Glasvegas and Carl Barat at Chop Suey, Seattle | 10 January 2009
Last night while waiting for Glasvegas, the best new band in Britain (man, how many unfortunate bands have been tagged with that line?), I guessed that the band must have hand picked every song played over the PA with the intention of giving us a history lesson, or at least a connect the dots of the many bands, who have influenced Glasvegas. There were songs by girl groups like the Crystals and Shangri-Las, a few surf instrumentals, the Cocteau Twins‘ Heaven or Las Vegas, House of Love, Slowdive, Raveonettes, Jesus and Mary Chain and Julie Cruise to name but a few. Conspicuously absent from the mix was any of the ‘big’ music. Listening to Glasvegas, it’s hard to ignore the big music because it’s what they do. It’s huge in a way that makes you want to run to the top of some Scottish mountain, pump your fist and shout to the gods. You know, the way that Big Country, Simple Minds, the Waterboys, the Alarm and U2 used to make you want to do.
Security was noticeably tighter last night, in the wake of last weekend’s shooting at the club. Everyone entering was being patted down for weapons. Last weekend’s violence didn’t seem to keep anyone away though, the place was packed. This was really no surprise because the band have gotten loads of press. Their debut album was only just released in the states this past Tuesday, though it has been available digitally since last fall. All that means I guess is that fewer and fewer people buy physical records anymore. As we waited for the band chants arose of here we, here we, here we fucking go which is the refrain from their song Go Square Go. As the lights dimmed we all donned our earplugs (and sunglasses) in preparation of the sonic assault and (powerful light show). Both were needed, but did little good. The wall of sound created by James Allen and his cousin Rab was truly formidable. While Allen stayed close to the mic, Rab and bassist Paul Donoghue were whirling around behind him trying not to run into one another amid the chaos of the flashing spotlights and myriad of strobes. Glasvegas have a stand up drummer (this seems to be a growing trend these days) who was barely viewable, tightly wedged in between stacks of amplifiers. The band create a huge sound that tends to bet a bit too much when listening to the entire album, but it’s James Allen’s high, and highly Scottish accented voice that makes Glasvegas songs so special. It’s actually quite feminine sounding, hence all the 60’s girl group comparisons. He sings like he’s constantly and totally heartbroken, lost all his money and his best friend, but the music soars to such great heights that you’re planted firmly in his corner. They band sounded great easily reproducing the highs from the record, but I thought the overpowering light show distracted from the music at times, they really don’t need it. No one else seemed to be too bothered by it. With crowd firmly in hand, the band left it to the audience to do the chorus of Daddy’s Gone. Though not quite what U2 induce with 40, punters were pretty into it. They’ll probably be playing arenas soon enough.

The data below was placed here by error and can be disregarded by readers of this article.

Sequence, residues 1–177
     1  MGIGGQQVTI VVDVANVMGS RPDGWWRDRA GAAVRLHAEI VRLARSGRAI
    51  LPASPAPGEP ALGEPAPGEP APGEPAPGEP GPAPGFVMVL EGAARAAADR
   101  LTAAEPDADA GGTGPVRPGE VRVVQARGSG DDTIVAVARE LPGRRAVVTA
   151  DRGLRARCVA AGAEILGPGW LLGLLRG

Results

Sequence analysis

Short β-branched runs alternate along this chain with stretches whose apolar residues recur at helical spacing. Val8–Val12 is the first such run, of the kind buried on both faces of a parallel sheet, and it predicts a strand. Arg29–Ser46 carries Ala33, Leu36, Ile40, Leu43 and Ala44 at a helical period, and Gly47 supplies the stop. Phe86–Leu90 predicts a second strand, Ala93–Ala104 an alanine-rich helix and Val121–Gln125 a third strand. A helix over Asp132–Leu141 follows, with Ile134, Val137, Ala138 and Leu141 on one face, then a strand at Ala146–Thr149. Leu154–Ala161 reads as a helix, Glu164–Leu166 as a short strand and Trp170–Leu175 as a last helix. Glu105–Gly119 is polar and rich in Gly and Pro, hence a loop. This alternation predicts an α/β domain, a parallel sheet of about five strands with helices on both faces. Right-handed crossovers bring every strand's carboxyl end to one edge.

mp3: Glasvegas – Geraldine (buy the record)
Opening the show was a pleasant surprise. Carl Barat of Libertines and Dirty Pretty Things did a solo set of just him and an electric guitar. He played a handful of Libertines songs that a got everybody singing along to him. I think he may have done one or two new songs as well. You would probably get a better review of his set from one of the many women front and center singing along to every one of his songs. I realized this night the women dig Carl Barat. Why not, he’s a good looking dangerous kind of guy in a Jud Nelson, Breakfast Club kind of way. After his set all the women at the front left. I though that Barat might reappear for a song or two in the Glasvegas set like he did a last week in Glasgow, but no such luck.
There more photos and the Glasvegas setlist over at my flickr page.